Sections of terrain which appear so featureless when flown over, take on a personality all their own when viewed from the ground. I am thinking particularly of the place where we spent our second night. A map shows it as being decidedly in the middle of a desert, with no special topographical mark to set it apart from any other desert location: a blank. Yet I remember it as being most distinctive. From a sandy "promontory" near our campsite I looked down on what surely must be a broad, flowing river. In actual fact it was a salt basin, set apart from banks of white sand on either side by its rippled mud-brown surface, parched and cracked in the sun.
The illusion of being on a pleasant riverbank was further heightened by some 'asal bushes, some as tall as a man, which gave the area a bit of green and some welcome shade. Hadban had led us to the place, but he had his own opinion of its allure. Perhaps the unique, tree-like bushes and the unusual topography contributed to its reputation, but whatever the reason the location was widely believed among the desert nomads to be inhabited by jinns. I was never sure whether or not Hadban went completely along with the superstition, but with such a youthful and eager audience he was no man to pass up a good story.
By the morning of the third day out we had picked up, on schedule, another Bedouin guide. Muhammad ibn Salim ibn Bakhit was, like Hadban, of the Murrah tribe, and the two men were distant relatives. Jim Mandaville had learned from Hadban that Muhammad knew of a meteorite which no Westerner had ever seen before. Word was somehow passed over the desert "telegraph" when and where we would meet him. The perfect connection with our second guide out in the middle of nowhere vastly increased my already considerable admiration for the Bedouins' sense of direction and place. We had been driving several hours through virgin sand-and-sagebrush country when suddenly Jim's lead car pulled up to a flock of sheep being tended by a handsome nomadic herdsman who seemed not a bit surprised by our appearance. While we waited, the shepherd went to get his brother Muhammad from the family tent over the hill. Our new party member threw his blanket roll into the truck, climbed into my car, motioned for me to start; and we moved on south.
Though there was no sign, our little caravan was now entering the Empty Quarter. It was as if we had been maneuvering off an ill-defined coastline for some time, and now had headed out to sea. Even the dried-up bits of desert shrubs were being left behind, and the Arabs loaded up several nights' supply of hatab for burning: where we were heading, straight into sand dune country, bushes would be scarce. With two guides now leading us, either Hadban or Muhammad always rode up front with Joanne and me. They were doing the conning; I was merely the helmsman, taking orders by watching their hand signals out of the corner of my eye.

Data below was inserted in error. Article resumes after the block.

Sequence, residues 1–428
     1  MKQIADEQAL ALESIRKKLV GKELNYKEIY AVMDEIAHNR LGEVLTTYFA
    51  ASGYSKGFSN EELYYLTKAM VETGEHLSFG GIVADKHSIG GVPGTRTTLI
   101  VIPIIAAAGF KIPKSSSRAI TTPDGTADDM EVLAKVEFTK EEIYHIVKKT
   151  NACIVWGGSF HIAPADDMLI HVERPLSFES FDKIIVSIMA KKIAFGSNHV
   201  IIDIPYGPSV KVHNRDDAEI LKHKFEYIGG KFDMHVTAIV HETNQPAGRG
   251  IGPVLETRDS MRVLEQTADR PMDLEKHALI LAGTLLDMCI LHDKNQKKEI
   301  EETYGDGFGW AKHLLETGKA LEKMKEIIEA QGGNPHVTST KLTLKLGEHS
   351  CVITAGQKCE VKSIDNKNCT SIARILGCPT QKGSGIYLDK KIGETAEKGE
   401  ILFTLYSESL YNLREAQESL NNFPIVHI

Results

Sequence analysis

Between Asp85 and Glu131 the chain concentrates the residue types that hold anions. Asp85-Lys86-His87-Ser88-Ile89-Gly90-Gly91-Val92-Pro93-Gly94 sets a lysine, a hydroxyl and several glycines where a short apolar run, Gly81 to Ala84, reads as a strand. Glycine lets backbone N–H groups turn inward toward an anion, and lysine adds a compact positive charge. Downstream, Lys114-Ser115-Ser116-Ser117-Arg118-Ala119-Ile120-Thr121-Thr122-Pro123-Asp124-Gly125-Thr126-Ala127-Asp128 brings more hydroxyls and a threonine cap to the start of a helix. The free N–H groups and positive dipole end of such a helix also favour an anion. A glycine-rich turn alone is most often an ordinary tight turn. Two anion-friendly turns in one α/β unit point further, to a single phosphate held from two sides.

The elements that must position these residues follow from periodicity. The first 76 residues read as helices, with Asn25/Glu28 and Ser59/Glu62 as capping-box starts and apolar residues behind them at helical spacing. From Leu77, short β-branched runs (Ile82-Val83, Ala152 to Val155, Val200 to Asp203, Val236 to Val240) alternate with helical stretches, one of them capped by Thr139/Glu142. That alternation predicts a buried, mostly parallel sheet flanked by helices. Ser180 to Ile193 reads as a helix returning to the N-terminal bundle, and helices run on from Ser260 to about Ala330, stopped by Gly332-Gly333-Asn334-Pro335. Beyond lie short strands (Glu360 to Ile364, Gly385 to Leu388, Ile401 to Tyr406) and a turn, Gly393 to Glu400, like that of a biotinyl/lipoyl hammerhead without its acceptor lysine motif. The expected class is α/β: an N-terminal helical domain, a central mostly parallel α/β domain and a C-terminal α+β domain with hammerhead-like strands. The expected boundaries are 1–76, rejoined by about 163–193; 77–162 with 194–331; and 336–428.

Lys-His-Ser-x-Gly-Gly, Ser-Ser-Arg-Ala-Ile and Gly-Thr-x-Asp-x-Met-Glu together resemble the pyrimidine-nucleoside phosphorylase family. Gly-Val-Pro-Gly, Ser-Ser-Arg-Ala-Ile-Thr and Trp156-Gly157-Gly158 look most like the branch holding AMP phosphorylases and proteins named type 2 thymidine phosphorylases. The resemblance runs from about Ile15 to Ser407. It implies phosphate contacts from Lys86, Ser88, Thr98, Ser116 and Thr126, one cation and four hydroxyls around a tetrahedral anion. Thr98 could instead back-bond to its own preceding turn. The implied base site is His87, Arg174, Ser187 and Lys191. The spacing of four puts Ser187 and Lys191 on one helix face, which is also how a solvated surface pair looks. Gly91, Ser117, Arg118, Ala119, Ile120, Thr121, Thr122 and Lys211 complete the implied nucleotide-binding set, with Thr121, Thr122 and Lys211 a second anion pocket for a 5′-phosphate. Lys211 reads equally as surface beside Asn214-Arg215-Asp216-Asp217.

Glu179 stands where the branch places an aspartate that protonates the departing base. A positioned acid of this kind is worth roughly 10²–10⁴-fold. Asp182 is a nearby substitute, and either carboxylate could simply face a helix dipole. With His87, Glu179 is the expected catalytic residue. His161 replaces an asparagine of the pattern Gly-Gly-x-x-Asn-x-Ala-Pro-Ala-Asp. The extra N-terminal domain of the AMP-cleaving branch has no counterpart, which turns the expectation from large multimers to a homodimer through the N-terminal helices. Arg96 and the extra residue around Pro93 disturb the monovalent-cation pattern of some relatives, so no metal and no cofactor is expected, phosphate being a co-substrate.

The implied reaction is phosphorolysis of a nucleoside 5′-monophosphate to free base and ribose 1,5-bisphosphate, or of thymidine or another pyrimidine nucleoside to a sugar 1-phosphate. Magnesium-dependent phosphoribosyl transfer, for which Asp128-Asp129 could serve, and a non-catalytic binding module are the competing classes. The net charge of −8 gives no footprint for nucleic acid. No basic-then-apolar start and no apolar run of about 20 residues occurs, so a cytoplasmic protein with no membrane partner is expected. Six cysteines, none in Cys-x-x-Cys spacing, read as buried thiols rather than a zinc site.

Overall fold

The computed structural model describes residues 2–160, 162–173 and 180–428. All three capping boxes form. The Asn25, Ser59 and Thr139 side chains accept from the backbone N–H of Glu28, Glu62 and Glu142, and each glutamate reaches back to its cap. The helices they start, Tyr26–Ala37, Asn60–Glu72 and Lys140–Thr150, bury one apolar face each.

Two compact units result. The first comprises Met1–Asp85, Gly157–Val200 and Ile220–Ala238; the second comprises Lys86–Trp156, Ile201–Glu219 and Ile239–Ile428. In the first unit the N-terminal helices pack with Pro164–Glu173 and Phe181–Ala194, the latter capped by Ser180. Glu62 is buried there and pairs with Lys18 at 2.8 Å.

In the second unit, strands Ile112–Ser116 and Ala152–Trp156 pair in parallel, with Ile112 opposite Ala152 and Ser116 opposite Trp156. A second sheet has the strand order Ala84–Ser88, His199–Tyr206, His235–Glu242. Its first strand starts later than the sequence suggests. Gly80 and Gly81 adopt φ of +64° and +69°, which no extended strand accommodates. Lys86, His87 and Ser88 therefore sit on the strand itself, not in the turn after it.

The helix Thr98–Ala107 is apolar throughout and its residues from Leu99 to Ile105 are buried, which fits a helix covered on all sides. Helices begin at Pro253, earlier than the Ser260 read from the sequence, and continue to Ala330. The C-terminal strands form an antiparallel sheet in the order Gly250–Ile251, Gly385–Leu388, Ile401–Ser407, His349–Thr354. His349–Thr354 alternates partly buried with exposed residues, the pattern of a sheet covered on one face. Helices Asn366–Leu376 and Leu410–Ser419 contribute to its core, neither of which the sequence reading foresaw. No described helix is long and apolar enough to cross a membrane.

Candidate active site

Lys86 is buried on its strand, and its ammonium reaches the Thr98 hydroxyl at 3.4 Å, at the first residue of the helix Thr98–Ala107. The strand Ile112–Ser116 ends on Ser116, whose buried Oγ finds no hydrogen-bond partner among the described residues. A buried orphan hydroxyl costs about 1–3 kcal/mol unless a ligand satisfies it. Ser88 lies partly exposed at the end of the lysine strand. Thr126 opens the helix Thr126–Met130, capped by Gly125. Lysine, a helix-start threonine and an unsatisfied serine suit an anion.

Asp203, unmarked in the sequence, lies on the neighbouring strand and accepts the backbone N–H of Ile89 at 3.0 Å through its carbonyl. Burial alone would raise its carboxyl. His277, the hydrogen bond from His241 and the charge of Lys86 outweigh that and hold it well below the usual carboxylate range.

Muhammad had a particular sign when a passage was going well. He would start singing, always the same tune, alternating verses with a reprise hummed with closed lips in a soft, sweet falsetto. It was an old Bedouin song, with a sad philosophical content:
"My longing... is like the longing of an old lady for her dead son.
"She sheds copious tears whenever she hears his name,
"And claps her hands in agony at every singing bird."
The deeper we got into the Rub' al-Khali the greater was the need for extreme alertness on the part of both guides and drivers. Sand surfaces in that part of the world play strange tricks on the eyes, especially around the middle of the day, when there are no shadows anywhere. Most of the surfaces we traveled over now were hard and smooth, but the ever-present sand could be very soft in low and sometimes unexpected places, and the consequences of getting stuck was plain hard work for all hands. Our two cars traveled far enough apart in this country so that if one ever got into trouble the other would be warned to stay back. Then, whenever Hadban didn't like the looks of an area up ahead, alerted by sand with ominous ripples on its surface, he would leap out of the car, pull his thaub up over his knees and sprint like a gazelle to test the place in question with his feet. Between the two passenger vehicles, we had to be pushed out only five or six times the entire trip.
Negotiating the sand dunes themselves required precautions of another order. On the ascent we always slowed nearly to a stop as we approached the crest to see what was in store for us on the other side. It was impossible to tell whether the descent would be a gentle grade or a steep and hazardous slip face without a close look from the crown. Only once did our eyes fool us. My two front wheels were already over the crest before I realized that this was no gentle slope downward. There was no backing up. The dune face was only about eight feet high and luckily we had approached the top of it at right angles, so there had been no danger of flipping. But from here on, in any cases of doubt Hadban scouted the empty space over the far side of the hill.